Monday, November 10, 2014

Innovation (ERP)

Over the last few weeks I have had the opportunity to attend several events.  The evens were both Trade shows and Expos.  I define Trade Show somewhat differently than an Expo.  An Expo tends to be cross industry and a Trade show tends to be more vertical in nature. 

Both fill niches. 

An Expo’s value is typically the concentrated focus which is helpful, because you have experts in product delivery and service together to share industry best trends and practices.  You know, stuff to help your grow and expand your business.

A cross industry perspective is the value of an Expo.  Unlike a trade show, you have multiple industries instead of one that support, supply, work with and purchase from.

Both have value.

There was a security conference which talked about risk management and the state of uncertainty.  An Expo which represented a cross section of business and industry in a market area.  A Trade Show in technology service and support.  Then off to another industry Trade Show and finally to a Business Development industry focused event. 

Business Development

The Business development event was by far the bestest.  Okay “bestest” is not really a word, but the event, if you could call it that, was a conglomeration of medical people and up and coming businesses working in an accelerator to create new and innovative solutions to improve, streamline and create efficiencies that save organizations time, money and most of all lives.

At the end of the day, if you can succeed in business by helping others and increase the quality of lives, that is a pretty good achievement.

The Business Development event is somewhat of a cross mix between a Trade Show and Expo. 

It was organized by government sponsored organization whose goal was to take existing businesses, put them together to nurture their growth and then place them in front of the medical community and business leaders to showcase what they developed, kind of like a graduation ceremony, and take feedback to grow further and present an opportunity to present and hopefully sell their solution to their industry.

What made this event great was the mix of people and business and the anticipation.  Most of all was the atmosphere of community.  That we are all working to address a growing challenge that transcends borders and cultures.  Medical issues are foremost in all societies.  Everyone gets older and at some point we want to improve the quality of our lives and those we love.  

So, you might ask, what does this have to do with Enterprise Resource Planning (ERP) solutions?


There are needs to have innovation, industry focus, and cross community collaboration.  Any business needs support of others in their same industry to share challenges and find solutions. They need cross industry support to help them with their challenges, supply goods and services, and provide solutions. 

Businesses also need incubator type of organizations to provide a fresh look, a new set of eyes, to develop new and innovative solutions to the challenges they face.  These incubators or accelerators need funding, government support, and industry nurturing to be effective.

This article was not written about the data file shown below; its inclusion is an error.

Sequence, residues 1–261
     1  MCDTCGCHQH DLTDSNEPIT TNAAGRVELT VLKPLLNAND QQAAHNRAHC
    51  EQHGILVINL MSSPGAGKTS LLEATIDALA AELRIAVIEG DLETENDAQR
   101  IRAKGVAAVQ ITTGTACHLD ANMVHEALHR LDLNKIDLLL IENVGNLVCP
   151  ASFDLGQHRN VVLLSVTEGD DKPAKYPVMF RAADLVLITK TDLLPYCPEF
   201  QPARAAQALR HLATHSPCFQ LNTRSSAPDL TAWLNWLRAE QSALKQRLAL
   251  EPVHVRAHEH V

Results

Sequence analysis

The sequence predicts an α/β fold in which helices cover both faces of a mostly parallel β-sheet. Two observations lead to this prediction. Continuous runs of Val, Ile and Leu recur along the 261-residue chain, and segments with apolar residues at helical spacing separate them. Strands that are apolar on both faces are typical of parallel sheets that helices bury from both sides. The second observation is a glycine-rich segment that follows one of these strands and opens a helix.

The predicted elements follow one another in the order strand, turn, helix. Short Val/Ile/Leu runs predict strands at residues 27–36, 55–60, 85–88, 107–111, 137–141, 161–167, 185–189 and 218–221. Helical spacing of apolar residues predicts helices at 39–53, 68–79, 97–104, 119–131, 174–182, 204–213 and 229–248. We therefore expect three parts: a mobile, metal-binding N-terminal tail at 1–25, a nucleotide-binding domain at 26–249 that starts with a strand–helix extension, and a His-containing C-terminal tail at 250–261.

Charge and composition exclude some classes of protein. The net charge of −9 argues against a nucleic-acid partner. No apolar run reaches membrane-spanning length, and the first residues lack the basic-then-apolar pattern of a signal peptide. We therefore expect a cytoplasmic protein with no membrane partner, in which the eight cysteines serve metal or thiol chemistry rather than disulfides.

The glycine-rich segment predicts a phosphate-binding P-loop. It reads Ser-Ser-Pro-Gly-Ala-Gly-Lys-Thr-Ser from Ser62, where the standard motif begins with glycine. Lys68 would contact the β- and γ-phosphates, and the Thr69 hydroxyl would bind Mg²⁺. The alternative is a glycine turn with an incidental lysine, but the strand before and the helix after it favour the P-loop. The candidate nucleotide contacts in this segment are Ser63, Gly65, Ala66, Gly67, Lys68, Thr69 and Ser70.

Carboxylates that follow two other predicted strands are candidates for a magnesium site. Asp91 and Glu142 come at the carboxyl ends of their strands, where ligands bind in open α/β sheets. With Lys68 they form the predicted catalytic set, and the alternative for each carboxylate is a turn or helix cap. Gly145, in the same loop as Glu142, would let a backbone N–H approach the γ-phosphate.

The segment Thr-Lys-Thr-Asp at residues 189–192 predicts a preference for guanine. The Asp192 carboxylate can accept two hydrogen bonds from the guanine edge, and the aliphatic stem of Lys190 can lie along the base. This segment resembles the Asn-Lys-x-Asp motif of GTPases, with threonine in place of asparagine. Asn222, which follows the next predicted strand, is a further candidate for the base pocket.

It takes much more than throwing money at a problem to find a solution.  It also takes a leader with vision.

It also takes a community. 

It takes questions, a lot of questions to find the answers to questions not yet asked.  It takes a cross section of industry to observe and think of new ways to solve the challenges of business.  All too often a closed industry of technologists keeps coming up with new ways to solve the same problem, which is not really a problem.  Inventing a better mouse trap when a trap is not what is needed.  Mice are not the issue after all.

I know of an ERP solution provider that takes the time to provide a user forum to educate their users and take their challenges to heart and create updates that address those challenges.  New features are created to address their real-world struggles. 

They are smart enough to know that if they want to be of value they need to provide value.

I have also seen screens and field prompts that were clearly written by technical people.  The prompt asks a question in reverse.  Instead of simply asking if a product in their catalog should be available on their Internet web site.  A simple Yes/No question.  They ask if the part should not be excluded.  A reverse answered question.  They should just ask if they want the item to appear.  Instead they ask if the item should be excluded.  So, to get the item listed, they have to answer “No”. 

Effective, but not intuitive. 

Users should not have to figure out logic questions to get their work done.  In the end most businesses just want their systems to work so that their people remain productive.  Customer service needs to be knowledgeable about their products, availability and to serve their customers well.  The other departments of business need to service the customer service department and those who directly face the customers.  All employees, even those who sweep up the shop floor contribute to the ability of your organization to serve your customers.

A good solution is one that looks beyond itself to drive efficiency and collaboration in the Enterprise.  Dolvin Consulting works with your team and industry experts to find solutions to your challenges.  Contact us today to see how we can help.  That is why we do what we do.